Historia de pesos atomicos

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INTERNATIONAL UNION OF PURE AND APPLIED CHEMISTRY
INORGANIC CHEMISTRY DIVISION COMMISSION ON ATOMIC WEIGHTS AND * ISOTOPIC ABUNDANCES

HISTORY OF THE RECOMMENDED ATOMIC-WEIGHT VALUES FROM 1882 TO 1997: A COMPARISON OF DIFFERENCES FROM CURRENT VALUES TO THE ESTIMATED UNCERTAINTIES OF EARLIER VALUES
(Technical Report)

Prepared for publication by T. B.COPLEN and H. S. PEISER U.S. GeologicalSurvey, 431 National Center, Reston, Virginia 20192, USA

*

Membership of the Commission for the period 1996–1997 was as follows:

L. Schultz (FRG, Chairman); R. D. Vocke (USA, Secretary); J.K. Böhlke (USA, Associate); H.-J. Dietze (FRG, Associate); T. Ding (China, Associate); M. Ebihara (Japan, Titular); J. W. Gramlich (USA, Associate); A. N. Halliday (USA, Associate); H.-J. Kluge (FRG,Associate); H. R. Krouse (Canada, Titular); R. D. Loss (Australia, Titular); G. I. Ramendik (Russia, Titular); D. E. Richardson (USA, Associate); M. Stiévenard (France, Associate); P. D. P. Taylor (Belgium, Titular); J. R. de Laeter (Australia, National Representative); P. De Bièvre (Belgium, National Representative); Y. Xiao (China, National Representative); M. Shima (Japan, NationalRepresentative); N. N. Greenwood (UK, National Representative); H. S. Peiser (USA, National Representative).

History of the Recommended Atomic-Weight Values from 1882 to 1997: A Comparison of Differences from Current Values to the Estimated Uncertainties of Earlier Values (Technical Report)
Abstract—International commissions and national committees for atomic weights (mean relative atomic masses) haverecommended regularly updated, best values for these atomic weights as applicable to terrestrial sources of the chemical elements. Presented here is a historically complete listing starting with the values in F. W. Clarke's 1882 recalculation, followed by the recommended values in the annual reports of the American Chemical Society's Atomic Weights Commission. From 1903, an International Commissionpublished such reports and its values (scaled to an atomic weight of 16 for oxygen) are here used in preference to those of national committees of Britain, Germany, Spain, Switzerland, and the U.S.A. We have, however, made scaling adjustments from Ar(16O) to Ar(12C) where not negligible. From 1920, this International Commission constituted itself under the International Union of Pure and AppliedChemistry (IUPAC). Since then, IUPAC has published reports (mostly biennially) listing the recommended atomic weights, which are reproduced here. Since 1979, these values have been called the “standard atomic weights” and, since 1969, all values have been published with their estimated uncertainties. Few of the earlier values were published with uncertainties. Nevertheless, we assessed suchuncertainties on the basis of our understanding of the likely contemporary judgement of the values' reliability. While neglecting remaining uncertainties of 1997 values, we derive “differences” and a retrospective index of reliability of atomic-weight values in relation to assessments of uncertainties at the time of their publication. A striking improvement in reliability appears to have been achieved sincethe commissions have imposed upon themselves the rule of recording estimated uncertainties from all recognized sources of error.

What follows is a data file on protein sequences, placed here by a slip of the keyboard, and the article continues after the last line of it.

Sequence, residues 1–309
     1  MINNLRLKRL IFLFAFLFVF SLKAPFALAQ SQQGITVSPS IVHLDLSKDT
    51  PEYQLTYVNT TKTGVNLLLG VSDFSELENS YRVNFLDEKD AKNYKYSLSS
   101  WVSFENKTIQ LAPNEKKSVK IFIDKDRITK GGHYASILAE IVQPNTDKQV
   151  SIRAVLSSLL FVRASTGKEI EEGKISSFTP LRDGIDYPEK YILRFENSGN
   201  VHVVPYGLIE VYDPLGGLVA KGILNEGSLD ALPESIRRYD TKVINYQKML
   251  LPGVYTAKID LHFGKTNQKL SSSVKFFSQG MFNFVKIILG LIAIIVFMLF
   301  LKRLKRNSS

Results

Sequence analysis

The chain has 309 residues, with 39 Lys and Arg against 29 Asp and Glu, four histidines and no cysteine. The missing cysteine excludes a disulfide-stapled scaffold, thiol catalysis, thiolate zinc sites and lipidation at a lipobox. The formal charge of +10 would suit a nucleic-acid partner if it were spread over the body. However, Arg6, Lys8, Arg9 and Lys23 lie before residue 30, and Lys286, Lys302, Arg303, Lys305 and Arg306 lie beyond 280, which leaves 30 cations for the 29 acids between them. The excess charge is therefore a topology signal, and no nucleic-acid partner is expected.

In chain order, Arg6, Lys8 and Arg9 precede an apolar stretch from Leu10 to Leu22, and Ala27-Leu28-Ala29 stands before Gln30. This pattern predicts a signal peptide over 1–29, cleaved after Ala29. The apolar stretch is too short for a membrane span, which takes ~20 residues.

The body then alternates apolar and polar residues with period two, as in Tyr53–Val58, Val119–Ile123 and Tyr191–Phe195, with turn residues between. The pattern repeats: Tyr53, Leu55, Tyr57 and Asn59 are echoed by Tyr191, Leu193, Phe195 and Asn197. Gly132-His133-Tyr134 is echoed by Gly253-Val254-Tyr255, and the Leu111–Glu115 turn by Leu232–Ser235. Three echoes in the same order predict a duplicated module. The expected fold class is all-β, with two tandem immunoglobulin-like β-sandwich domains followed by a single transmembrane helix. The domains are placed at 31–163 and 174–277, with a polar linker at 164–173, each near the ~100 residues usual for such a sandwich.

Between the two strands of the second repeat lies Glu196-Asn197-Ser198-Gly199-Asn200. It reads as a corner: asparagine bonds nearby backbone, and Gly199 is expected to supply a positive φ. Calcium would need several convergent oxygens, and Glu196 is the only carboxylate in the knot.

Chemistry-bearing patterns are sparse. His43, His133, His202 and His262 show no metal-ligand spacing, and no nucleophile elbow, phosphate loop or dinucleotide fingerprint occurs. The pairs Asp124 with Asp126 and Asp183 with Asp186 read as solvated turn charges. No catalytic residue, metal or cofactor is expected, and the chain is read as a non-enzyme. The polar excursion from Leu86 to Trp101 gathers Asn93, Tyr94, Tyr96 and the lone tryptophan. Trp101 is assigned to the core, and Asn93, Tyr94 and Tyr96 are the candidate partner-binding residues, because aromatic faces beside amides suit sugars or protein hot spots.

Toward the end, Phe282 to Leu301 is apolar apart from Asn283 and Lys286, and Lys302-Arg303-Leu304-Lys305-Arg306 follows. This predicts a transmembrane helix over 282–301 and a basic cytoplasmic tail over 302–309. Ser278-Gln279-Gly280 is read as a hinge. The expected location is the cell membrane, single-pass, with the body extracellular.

COMMENT At frequent intervals (biennially in recent times), the International Union of Pure and Applied Chemistry (IUPAC) publishes revised tables of recommended atomic-weight values, Ar(E), for chemical element E. Recent editions of tables include uncertainties,U[Ar(E)], and refer to the tabulated Ar(E) values as “standard atomic weights” applicable reliably to normal terrestrial sources. The latest such IUPAC table is based on a 1 reevaluation in 1997 (ref. ). In the table submitted here (Table 1), we list all recommended values since 1882, but exclude radioactive elements without stable isotopes (or radio-isotopes with half-lives comparable to the age...
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